This is an obvious one, one you’re probably already using, and one that is completely free. But it can be hard to use effectively.
In social media marketing, it’s all about engagement and consistency.
To grow on social, you have to create content that people want to see. If you share GIFs of animation from your game, link to videos of gameplay or show off concept art people will enjoy, then your followers will click, share, retweet or whatever. And you will grow. But you’ve got to post shareable content regularly. In the fast-moving world of social media, people will forget about you very quickly if you stop feeding them good content.
I also include video platforms in this prong. YouTube and Twitch are great places to make friends and cajole them into Let’s Playing or reviewing your game.
Make sure you link your posts back to something useful. Your game’s Steam page is a great place to send them, but you might also refer them to your next prong…
This is important for several reasons.
First of all, it gives interested parties a place to get information on your game as it develops. Consider this site the bookshelf where you display all of your favorite achievements. A website doesn’t have to look professional, as long as it’s easy to navigate and contains pretty pictures, videos and links, links links! Link to your social media, link to your Steam or App store or Google Play page or whatever. And be sure to include a link to your…
3. Press Kit
What is a press kit? A press kit is everything bloggers, journalists or Let’s Players might need to promote your game. Always include things like hi-res images of your game, characters, environments, whatever; your indie game’s logo in light and dark styles; your studio’s contact info and a brief synopsis of the game. Including bullet points is always good in a press kit because reading is hard for busy people.
I plan to devote at least one entire post to the Press Kit. It’s not very hard to make one, but you’ve got to make sure you’re providing the right stuff.
Blogs plural. Your own blog - your dev log - is an important thing to have, too. It lets your audience know what you’re up to. But for maximum coverage, reach out to other bloggers who might be interested in your game. Give them a free copy. Ask them real nice and most of the smaller blogs will either play your indie game - and hopefully post about it - or perhaps let you write your own article on the game. Even larger websites like Rock Paper Shotgun and Kotaku might be interested if there’s not much else going on and your game looks good.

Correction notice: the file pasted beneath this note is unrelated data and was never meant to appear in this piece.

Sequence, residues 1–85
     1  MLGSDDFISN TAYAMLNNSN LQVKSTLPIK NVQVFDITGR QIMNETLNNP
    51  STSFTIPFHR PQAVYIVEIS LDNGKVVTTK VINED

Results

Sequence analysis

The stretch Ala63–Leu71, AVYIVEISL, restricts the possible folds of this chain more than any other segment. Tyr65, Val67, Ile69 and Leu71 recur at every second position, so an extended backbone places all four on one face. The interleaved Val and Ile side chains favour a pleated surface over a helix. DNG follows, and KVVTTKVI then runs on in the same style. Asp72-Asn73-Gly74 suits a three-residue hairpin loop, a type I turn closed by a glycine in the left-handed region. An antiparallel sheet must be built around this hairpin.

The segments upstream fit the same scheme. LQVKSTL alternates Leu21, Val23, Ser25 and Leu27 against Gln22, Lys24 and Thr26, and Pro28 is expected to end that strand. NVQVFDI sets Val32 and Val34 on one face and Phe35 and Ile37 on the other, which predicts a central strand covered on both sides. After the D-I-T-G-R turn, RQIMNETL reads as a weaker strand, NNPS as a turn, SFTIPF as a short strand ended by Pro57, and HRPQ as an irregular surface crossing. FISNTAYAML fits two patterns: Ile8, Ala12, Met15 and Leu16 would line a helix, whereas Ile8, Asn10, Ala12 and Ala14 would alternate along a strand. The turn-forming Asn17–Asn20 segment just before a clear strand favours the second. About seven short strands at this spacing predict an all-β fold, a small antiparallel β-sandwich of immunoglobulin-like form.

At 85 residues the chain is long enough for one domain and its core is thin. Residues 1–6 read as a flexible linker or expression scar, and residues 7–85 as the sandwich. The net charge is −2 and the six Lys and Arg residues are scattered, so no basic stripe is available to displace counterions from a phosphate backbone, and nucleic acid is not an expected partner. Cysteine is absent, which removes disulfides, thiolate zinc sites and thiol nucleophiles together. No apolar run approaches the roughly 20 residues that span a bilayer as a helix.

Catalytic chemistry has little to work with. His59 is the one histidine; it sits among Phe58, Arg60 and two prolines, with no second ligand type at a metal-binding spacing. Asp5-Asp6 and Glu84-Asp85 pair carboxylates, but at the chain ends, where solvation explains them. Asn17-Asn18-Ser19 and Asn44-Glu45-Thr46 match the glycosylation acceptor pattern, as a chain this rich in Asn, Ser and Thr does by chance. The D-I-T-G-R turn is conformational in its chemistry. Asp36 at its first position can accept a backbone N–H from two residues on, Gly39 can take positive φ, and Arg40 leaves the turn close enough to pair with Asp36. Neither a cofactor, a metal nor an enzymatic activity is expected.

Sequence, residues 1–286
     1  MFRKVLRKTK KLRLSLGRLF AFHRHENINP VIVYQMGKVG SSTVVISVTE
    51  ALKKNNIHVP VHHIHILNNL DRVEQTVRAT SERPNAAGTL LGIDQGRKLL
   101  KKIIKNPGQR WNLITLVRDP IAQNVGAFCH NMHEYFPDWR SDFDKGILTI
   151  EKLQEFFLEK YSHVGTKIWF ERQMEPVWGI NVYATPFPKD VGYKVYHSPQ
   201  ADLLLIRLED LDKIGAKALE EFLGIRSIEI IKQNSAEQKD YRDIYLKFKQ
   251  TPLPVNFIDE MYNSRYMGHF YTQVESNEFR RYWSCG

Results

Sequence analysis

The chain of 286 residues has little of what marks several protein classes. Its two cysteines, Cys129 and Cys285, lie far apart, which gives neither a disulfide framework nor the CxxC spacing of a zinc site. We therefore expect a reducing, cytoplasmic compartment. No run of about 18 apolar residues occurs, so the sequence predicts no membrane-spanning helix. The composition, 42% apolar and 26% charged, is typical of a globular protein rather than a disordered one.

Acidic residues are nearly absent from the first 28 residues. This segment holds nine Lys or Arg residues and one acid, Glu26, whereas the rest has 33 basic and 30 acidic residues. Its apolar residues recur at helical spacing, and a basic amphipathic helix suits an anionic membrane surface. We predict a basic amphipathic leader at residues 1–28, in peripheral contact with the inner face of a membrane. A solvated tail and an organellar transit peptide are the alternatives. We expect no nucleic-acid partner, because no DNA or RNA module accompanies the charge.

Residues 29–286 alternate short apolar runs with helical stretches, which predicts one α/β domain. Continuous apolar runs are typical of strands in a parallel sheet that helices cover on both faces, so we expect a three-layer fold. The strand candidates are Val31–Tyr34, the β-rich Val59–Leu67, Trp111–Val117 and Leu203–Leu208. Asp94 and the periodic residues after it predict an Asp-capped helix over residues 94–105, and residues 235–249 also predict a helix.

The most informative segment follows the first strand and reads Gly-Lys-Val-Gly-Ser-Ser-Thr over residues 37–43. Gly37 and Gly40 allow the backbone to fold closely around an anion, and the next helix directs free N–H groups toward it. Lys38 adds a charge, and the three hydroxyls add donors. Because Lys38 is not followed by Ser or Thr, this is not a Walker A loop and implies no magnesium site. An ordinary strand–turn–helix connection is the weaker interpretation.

You’re on your own for this one. I’m just a marketing guy. Steam, GooglePlay and the App store are all obvious choices for indie game devs, but don’t overlook outlets like HumbleBundle and Bundlestars - two of my favorite third-party Steam key sites!
You might as well include Kickstarter in this category too. But Kickstarter comes with its own challenges. You’ve got to market your ass off if you want to succeed on this platform. But if you do succeed, I highly recommend you include marketing in your budget to cover the cost of hyping your game’s actual release.
When you’re crowdsourcing, there’s no reason not to include marketing as part of your plan.Your constituents are giving you their money to do what you do. I suggest determining a marketing budget after consulting with an actual marketing group so you know what you’re getting into. A good PR company will pay for itself many times over and is completely worth the cost.
Conclusion - Indie game developers have lots of work to do
This is just a brief outline of what I consider the most important pieces of marketing for indie game developers. I’ll try to devote a post to most of these aspects. Social media in particular deserves many countless articles. For developers on a budget, social media offers the most potentially potent possibilities for marketing. And all without spending a single dime. Of course, if you want to spend a little bit, feel free to pledge on my Patreon page!